Voltage control

Voltage Var Control (VVC) is one of the important applications of power distribution system automation, with its primary aim being the reduction of network losses and enhancement of voltage distribution. Through effective VVC strategies, it is possible to achieve energy-efficient operation of the power system while ensuring the quality of power supply [112]. Therefore, this technology is of key significance in realizing optimal management of power systems.

The following studies provide a comprehensive overview of artificial intelligence methods in voltage control, as illustrated in Table 5.

Table 5 Sub-problems of Voltage Control

Mina Jafari et al. [112] proposed a reinforcement learning method for network constraints to set control variables, applying the Q-learning algorithm to constrained reactive power control. The results show the superiority and flexibility of the Q-learning algorithm. For the VVC problem, a constrained MDP method is formulated [113]. In [114], Deep Deterministic Policy Gradient (DDPG) is introduced to modify voltage distribution and alleviate constraints on photovoltaic (PV) generation.

In order to solve the voltage stability problem, Sabo et al. [115] designed a nonlinear robust neuro-fuzzy controller (NFC) damping controller to replace the traditional power system stabilizer (PSS), and successfully improved the stability and performance of the power system. NFC combines fuzzy control and artificial neural networks, integrating expert knowledge into fuzzy logic, eliminating the need for plant models and the learning capacity of artificial neural networks. Similar approaches are employed by Douidi et al. [116], employing a cascade controller consisting of multiple PD fuzzy control blocks, and utilizing Particle Swarm Optimization for parameter tuning. Masrob et al. [117] propose a simple artificial neural network for real-time tuning of controller parameters to achieve responsive control behavior. Chitara et al. [118] propose a hyper-heuristic approach, employing the Cuckoo Search optimization algorithm. Notably, all implemented algorithms have computation times exceeding 15 min. Applying metaheuristic algorithm PSS aligns with logical expectations as the problem can be easily formulated as a quality factor. Zhu and Jin [119] adopt different methods. In this context, the reinforcement learning framework is applied to the optimization problem of PSS. The Q-learning algorithm is applied to the PSS as an additional control.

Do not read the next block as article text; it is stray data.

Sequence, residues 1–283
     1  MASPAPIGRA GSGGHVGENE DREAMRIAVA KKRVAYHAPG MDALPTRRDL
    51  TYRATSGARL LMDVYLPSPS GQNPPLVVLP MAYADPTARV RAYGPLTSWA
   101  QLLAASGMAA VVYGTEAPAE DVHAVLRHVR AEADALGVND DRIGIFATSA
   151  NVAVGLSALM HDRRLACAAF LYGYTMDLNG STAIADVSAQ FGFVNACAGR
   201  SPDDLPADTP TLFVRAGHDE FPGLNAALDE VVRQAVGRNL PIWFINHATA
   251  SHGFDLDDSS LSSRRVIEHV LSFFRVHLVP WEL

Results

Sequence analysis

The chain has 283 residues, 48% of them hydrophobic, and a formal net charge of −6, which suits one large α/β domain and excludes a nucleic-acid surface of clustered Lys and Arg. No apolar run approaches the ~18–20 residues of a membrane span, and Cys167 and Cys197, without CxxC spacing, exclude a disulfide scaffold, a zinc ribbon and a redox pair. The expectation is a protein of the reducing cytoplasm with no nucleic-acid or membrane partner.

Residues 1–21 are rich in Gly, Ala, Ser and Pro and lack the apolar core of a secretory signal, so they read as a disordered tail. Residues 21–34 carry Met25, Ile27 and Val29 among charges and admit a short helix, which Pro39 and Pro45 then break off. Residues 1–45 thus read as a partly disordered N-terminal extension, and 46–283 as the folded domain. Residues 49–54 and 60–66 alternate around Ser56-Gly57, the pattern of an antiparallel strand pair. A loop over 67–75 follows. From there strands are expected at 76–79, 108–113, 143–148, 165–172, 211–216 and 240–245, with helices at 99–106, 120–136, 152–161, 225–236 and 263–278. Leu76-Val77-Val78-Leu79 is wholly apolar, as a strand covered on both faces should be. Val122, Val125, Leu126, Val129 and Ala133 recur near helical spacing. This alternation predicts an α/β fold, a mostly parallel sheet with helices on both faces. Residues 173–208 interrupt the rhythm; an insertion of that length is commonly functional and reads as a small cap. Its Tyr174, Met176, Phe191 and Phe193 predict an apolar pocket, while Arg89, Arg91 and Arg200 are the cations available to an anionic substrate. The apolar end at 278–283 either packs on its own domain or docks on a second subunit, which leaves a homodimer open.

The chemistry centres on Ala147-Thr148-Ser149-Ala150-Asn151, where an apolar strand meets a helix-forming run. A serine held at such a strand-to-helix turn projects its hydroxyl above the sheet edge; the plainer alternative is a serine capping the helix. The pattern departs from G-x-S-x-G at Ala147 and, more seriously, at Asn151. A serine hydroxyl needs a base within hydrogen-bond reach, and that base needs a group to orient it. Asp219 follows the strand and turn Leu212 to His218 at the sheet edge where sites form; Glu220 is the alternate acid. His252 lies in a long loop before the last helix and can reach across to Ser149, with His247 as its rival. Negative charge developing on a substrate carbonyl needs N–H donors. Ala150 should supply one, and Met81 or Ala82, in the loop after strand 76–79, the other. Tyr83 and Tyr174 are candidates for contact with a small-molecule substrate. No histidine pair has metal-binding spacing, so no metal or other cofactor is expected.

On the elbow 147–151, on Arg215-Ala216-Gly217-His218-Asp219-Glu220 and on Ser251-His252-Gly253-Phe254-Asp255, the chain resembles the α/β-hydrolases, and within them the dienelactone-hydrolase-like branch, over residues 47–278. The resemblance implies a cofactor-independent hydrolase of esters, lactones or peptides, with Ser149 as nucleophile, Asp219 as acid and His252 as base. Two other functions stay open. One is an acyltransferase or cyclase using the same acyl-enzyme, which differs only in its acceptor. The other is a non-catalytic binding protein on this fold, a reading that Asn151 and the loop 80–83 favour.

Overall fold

In [120], a multi-agent Q-learning VVC framework is proposed to computational burden on central controllers. The method is based on a fully distributed multi-agent framework. In [121], a Least Squares Policy Iteration (LSPI) algorithm is Used in power distribution systems to minimize voltage deviations by adjusting tap positions of on-load tap-changers, effectively reducing voltage deviations. The algorithm is introduced as a batch RL method, with considerations for scalability. In [122], a voltage regulation scheme combining data-driven and physics-based optimization is proposed to effectively deal with the voltage fluctuation challenges in modern distribution networks through smart inverters and deep reinforcement learning algorithms. An Emotional DL programming controller (EDLPC) is proposed for voltage control in power systems [123], comparative results with DNN and Q-learning algorithms attest to the effectiveness of this approach. Additionally, ANN is utilized for online estimating the optimal parameters of traditional PSS [124].